TORONTO - Keith Aulie can’t speak to what was running through Zdeno Chara’s mind when he sent Max Pacioretty crashing head first into the glass partition in Montreal on Tuesday night.
The hit knocked the Canadiens forward unconscious and sent him to the hospital with a severe concussion and a fractured vertebra, and sparked outrage across the country when no fine or suspension was levied by the NHL.
Nobody except Chara knows whether or not he was intentionally trying to injure Pacioretty. But Aulie finds it hard to believe the Bruins captain could have calculated the exact moment of impact to send Pacioretty flying into the partition.
“I find it very hard to believe that he had it in his mind, that he was saying: ‘OK, I want to drive this guy’s head into the divider,’” the Leafs defenceman said after the team’s morning skate Thursday.
“I just think, as players, we don’t have it memorized where all these glass dividers are. I’ve got hit into them before, it’s just sometimes that’s where you get hit. It’s no different than when a player gets hit over the bench. You don’t control where the benches are, sometimes that’s where you get hit.”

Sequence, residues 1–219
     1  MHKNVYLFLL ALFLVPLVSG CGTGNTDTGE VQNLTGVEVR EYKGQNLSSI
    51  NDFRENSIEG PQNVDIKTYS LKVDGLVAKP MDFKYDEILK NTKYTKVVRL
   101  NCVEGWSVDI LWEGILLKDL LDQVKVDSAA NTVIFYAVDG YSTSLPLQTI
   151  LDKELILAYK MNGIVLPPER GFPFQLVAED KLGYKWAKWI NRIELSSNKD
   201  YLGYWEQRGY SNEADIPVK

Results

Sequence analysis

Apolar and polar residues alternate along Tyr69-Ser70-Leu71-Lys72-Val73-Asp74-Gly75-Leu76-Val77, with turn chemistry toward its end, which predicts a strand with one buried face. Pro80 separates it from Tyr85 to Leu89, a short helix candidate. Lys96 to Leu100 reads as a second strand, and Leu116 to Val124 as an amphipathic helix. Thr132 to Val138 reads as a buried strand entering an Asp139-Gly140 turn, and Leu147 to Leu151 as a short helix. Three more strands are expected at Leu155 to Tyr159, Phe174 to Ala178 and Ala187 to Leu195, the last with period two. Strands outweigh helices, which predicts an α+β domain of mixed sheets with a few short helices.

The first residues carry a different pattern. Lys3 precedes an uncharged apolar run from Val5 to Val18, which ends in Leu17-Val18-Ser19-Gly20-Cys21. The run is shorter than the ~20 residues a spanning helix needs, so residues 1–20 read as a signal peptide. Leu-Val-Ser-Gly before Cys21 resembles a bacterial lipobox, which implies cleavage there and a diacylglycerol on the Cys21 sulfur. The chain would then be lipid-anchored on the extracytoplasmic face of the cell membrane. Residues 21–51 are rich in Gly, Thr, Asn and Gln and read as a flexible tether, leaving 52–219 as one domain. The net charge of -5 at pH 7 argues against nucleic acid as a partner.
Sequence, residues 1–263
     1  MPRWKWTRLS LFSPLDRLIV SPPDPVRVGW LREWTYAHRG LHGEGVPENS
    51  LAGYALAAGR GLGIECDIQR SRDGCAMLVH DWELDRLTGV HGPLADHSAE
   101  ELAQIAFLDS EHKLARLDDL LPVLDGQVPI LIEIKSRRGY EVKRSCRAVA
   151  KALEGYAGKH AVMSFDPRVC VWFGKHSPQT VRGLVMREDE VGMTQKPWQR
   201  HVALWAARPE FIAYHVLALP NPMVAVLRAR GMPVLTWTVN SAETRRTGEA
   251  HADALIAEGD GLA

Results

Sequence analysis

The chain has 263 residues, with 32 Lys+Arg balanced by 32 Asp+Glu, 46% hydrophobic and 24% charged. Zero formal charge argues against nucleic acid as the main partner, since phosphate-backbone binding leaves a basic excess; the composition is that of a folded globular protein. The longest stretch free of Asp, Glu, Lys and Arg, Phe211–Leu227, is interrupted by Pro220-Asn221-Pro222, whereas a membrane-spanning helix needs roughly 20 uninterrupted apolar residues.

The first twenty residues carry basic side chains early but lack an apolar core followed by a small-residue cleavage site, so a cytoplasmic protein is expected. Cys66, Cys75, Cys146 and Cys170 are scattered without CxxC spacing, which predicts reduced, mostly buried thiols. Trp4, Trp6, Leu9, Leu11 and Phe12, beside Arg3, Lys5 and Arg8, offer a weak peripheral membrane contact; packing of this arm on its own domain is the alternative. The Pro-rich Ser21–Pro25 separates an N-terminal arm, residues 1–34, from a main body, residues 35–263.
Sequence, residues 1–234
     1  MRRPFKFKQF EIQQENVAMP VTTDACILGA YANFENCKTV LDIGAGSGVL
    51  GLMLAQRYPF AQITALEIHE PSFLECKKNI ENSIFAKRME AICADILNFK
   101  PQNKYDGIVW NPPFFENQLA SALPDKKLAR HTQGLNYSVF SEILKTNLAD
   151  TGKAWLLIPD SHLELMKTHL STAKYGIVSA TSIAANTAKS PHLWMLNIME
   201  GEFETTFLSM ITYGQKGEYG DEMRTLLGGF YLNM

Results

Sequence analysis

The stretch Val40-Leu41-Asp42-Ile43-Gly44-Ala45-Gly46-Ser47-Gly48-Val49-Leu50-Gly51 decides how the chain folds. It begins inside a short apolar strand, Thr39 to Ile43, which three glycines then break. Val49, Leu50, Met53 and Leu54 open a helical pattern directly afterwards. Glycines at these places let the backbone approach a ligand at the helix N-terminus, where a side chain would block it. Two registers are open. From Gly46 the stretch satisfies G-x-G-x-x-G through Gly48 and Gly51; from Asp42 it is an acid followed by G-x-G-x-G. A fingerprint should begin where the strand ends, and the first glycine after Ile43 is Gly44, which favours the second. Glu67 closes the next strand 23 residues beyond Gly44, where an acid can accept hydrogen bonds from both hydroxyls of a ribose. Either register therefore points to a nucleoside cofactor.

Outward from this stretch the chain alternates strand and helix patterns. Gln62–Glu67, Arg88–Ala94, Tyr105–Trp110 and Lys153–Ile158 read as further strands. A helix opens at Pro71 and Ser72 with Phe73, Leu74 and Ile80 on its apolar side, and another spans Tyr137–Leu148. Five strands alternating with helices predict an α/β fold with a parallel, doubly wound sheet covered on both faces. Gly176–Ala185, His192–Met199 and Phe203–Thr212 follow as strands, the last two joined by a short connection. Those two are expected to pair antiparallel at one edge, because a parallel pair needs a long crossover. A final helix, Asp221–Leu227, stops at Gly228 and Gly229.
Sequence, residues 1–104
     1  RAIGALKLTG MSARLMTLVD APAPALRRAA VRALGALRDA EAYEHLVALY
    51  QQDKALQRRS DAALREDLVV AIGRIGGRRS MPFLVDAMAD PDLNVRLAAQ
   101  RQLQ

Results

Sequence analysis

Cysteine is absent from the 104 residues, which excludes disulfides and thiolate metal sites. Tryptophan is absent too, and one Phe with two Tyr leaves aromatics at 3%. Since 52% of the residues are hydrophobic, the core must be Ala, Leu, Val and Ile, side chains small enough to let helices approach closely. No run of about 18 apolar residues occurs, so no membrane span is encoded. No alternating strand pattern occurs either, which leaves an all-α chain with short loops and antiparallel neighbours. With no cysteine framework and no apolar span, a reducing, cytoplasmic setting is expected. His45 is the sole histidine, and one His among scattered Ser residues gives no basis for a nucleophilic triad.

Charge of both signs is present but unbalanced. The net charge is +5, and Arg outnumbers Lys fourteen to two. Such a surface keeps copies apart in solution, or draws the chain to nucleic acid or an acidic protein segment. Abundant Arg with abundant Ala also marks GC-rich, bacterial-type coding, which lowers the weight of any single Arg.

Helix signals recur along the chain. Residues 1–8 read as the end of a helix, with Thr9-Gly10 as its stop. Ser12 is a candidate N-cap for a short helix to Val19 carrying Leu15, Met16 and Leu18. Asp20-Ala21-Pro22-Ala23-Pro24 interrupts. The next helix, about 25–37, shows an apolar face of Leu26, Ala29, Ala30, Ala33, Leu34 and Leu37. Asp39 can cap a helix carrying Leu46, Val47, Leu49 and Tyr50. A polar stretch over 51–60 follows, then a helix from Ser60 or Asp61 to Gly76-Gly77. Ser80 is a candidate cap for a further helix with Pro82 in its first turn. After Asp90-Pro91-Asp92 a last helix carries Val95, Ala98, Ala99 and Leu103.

One thing for sure, the gruesome incident has once again put the issue of head hits in the public’s mind.
At 6-foot-7, Aulie is the closest thing the Leafs have to the 6-foot-9 Chara. And the Leafs rookie says it’s tough being a tall guy when it comes to head hits.
“It’s been a constant battle my whole life even before all the head-hit stuff,” the 21-year-old rookie said. “I’d always take penalties for getting elbows up or high-sticking. It’s been a constant battle to keep my hands down and keep my knees bent to stay under guys.”
So should height come into play when fines or suspensions are being levied?
“I don’t think the big guys should get a free ride. I think if there’s an intent to injure, then they should be punished. But lots of times I’ve felt forwards would run into me, or run their heads into my elbow or we’d be battling in the corner and they’d get a stick unintentionally in the face or something and I would get penalized just because I’m taller and because they’re putting their heads down.
“I think there’s a fine line there, where you really have to find out if the intent to injure was there or not.”